By Ira Leiviskä
The Hoover Dam in Nevada, United States
Hydropower is considered to be a green, environmentally friendly source of energy. After all, it is based on moving water, which earth has a vast supply of. Surely it is a better alternative to fossil fuels, which release major greenhouse gas emissions. Or is it?
What is hydropower?
The most common way of utilizing hydropower is through a power plant which is usually situated in a dam that has been built into a river. The plant normally has three parts: the plant where the electricity is generated, the dam which controls the flow of the water, and a reservoir where the water is stored. The water flows through turbines which spin a generator and transform the movement into electricity. Then it can be transported into homes and factories via electric lines.
Hydropower can also be produced with the tidal movements of water, but tidal plants are still few and far between. This way of producing hydroelectricity is nonetheless being studied, and could possibly be a success in coastal areas.
A cheap and clean choice
Hydropower is a good source of electricity in the sense that once the plant has been built, there are very few costs. The river flow is basically free and infinite as long as rain falls and snow melts. Also, the reservoir enables the flow of water through the system to be controlled, so that the power plant can respond to demand more easily. From this point of view, it is better than other so called renewable energy sources, like wind and solar power. Hydropower is also clean in the sense that there are no such greenhouse emissions as when burning fossil fuels, nor radioactive waste like in nuclear plants.
Destroying natural habitats
Although hydropower may sound like a dream solution to the global warming problem, this is not quite true. It has been measured that large reservoirs in tropical areas cause greater carbon and methane emissions than burning coal or natural gas. This is due to the large amount of vegetation which decomposes in anaerobic conditions under the water. This may also happen in colder environments, where the excess nutrients in the water cause algal blooms.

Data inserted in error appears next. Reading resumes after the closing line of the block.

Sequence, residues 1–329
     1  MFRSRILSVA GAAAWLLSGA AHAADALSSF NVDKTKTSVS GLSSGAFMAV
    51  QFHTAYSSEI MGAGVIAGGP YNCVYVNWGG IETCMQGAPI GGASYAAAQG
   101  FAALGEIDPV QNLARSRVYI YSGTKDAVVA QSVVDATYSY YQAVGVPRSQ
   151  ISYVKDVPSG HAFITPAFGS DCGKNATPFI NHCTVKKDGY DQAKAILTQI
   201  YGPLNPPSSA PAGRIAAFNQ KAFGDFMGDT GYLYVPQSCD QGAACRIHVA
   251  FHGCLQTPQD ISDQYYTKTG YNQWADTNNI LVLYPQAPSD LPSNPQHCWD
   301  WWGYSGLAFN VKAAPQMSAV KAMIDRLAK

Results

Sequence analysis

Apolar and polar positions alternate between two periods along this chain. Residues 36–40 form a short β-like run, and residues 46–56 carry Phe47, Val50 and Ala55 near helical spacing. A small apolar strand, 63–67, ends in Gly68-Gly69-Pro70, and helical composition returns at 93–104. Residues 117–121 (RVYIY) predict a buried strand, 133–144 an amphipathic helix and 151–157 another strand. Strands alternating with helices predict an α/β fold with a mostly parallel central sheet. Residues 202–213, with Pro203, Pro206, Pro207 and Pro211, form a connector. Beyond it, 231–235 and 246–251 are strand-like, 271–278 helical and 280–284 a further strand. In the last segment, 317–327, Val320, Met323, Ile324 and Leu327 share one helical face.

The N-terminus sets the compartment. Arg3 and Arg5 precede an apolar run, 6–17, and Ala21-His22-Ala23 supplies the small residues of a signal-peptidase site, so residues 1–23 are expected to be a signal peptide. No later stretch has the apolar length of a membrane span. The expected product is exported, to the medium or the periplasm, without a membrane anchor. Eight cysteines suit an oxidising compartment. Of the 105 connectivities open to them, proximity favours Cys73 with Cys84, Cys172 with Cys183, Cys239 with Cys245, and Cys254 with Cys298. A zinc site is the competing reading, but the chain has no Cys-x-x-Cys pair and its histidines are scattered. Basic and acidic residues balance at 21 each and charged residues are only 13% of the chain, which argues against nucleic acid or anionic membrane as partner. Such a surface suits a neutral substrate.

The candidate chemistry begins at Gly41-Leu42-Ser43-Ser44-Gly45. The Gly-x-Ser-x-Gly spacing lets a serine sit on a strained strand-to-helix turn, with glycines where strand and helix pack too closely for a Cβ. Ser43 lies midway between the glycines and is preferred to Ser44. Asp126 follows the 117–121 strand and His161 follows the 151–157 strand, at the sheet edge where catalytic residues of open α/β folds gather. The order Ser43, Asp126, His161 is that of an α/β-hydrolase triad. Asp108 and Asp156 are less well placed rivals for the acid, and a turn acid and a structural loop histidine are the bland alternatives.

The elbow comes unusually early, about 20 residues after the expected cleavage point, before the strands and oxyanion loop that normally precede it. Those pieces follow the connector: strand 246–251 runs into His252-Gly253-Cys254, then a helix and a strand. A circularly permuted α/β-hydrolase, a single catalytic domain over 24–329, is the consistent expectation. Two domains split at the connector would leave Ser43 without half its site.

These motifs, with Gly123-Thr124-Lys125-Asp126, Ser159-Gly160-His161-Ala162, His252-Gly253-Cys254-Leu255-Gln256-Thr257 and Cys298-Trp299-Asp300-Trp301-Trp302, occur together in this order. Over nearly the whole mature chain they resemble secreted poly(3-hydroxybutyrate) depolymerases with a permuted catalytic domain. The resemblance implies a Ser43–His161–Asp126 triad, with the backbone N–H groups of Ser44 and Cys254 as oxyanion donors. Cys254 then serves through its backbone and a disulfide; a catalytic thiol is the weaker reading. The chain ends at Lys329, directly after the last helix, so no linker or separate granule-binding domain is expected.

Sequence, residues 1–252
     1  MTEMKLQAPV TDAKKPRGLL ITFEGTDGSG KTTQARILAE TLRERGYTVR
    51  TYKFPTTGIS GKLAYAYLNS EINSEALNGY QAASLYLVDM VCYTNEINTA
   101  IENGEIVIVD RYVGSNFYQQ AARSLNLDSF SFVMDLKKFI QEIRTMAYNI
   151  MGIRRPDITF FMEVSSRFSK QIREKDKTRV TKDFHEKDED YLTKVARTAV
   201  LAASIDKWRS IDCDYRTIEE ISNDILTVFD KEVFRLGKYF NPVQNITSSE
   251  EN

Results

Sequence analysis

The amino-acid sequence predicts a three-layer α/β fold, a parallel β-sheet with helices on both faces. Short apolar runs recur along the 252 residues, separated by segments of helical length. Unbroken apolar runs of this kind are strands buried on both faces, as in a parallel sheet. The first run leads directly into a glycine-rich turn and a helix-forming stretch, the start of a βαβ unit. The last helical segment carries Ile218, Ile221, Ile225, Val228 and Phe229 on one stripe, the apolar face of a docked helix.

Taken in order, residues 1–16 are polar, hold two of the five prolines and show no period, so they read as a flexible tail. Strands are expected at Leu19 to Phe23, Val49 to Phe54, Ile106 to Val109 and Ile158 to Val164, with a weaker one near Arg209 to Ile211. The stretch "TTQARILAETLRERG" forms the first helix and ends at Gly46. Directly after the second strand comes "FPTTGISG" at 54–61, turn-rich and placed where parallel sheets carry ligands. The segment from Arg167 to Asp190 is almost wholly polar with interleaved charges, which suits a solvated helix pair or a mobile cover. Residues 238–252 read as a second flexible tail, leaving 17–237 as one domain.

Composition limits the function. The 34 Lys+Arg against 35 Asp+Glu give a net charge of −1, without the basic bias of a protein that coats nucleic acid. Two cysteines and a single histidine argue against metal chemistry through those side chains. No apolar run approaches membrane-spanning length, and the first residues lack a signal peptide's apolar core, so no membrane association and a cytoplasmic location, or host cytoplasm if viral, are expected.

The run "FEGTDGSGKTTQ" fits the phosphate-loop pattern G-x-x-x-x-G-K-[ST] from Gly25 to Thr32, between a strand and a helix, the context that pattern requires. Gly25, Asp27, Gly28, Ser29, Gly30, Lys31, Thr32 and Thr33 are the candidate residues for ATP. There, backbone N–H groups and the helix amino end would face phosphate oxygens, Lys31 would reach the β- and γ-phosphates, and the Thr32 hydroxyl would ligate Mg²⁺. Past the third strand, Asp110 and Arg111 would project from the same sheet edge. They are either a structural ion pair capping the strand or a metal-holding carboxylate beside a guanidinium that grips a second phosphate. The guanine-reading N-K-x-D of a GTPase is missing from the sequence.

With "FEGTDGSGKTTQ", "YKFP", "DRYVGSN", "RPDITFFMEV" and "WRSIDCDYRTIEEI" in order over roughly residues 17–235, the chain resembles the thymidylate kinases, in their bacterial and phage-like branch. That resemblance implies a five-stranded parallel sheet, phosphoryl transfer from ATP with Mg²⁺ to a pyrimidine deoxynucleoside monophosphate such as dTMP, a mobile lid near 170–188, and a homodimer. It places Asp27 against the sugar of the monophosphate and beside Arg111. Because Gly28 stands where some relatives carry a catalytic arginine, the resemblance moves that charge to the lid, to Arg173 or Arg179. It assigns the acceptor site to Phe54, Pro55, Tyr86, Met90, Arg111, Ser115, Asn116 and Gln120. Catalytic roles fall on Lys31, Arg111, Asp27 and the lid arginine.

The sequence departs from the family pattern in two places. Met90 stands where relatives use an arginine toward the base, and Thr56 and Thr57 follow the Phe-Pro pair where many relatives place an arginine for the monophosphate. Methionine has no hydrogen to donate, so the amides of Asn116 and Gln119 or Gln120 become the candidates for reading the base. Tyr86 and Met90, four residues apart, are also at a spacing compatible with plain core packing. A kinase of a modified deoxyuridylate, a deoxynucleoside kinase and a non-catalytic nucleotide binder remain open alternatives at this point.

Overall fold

Another environmental detriment of reservoirs is that they harm wildlife by filling their habitat with water. Large reservoirs can even destroy forests and agricultural lands. In addition, dams prevent migrating fish like salmon from swimming upstream to spawn.
So what to think?
There are disadvantages in every form of energy production, so to avoid all the negative effects is nearly impossible. Still, the use of renewable energy sources has far fewer disadvantages than the use of non-renewable alternatives, such as fossil fuels. For example, hydro power doesn’t produce air pollutants, unlike coal and natural gas, which can cause health effects such as breathing problems, neurological damage and cancer. Coal burning emits also sulfur, which produces acid rain and leads to damages in the forests and aquatic ecosystems.
Although, hydropower is already a better solution than non-renewable energy sources, there are still problems that need to be faced. To minimize the environmental effects of hydropower, the industry should favor narrow and deep riverbeds that can store more water with less damage to the surrounding environment. The reservoirs can also be used, for example, in agricultural irrigation, flood control and for recreational purposes in order to make the best out of the situation. In addition, to ensure that the nutrient levels stay optimal and that the anaerobic decomposition is avoided, the reservoir water needs to be aerated regularly. It is also important to assist the upstream migration of fish by providing fish ladders and cannons. To read more about this subject, check Rena’s upcoming blog post about fish cannons.
The future of energy production lies in the development of the sustainable and renewable energy sources, so be conscious and keep on reading this blog to get more information about environmental issues!
Degree Programme in Energy and Environmental Engineering,
Tampere University of Applied Sciences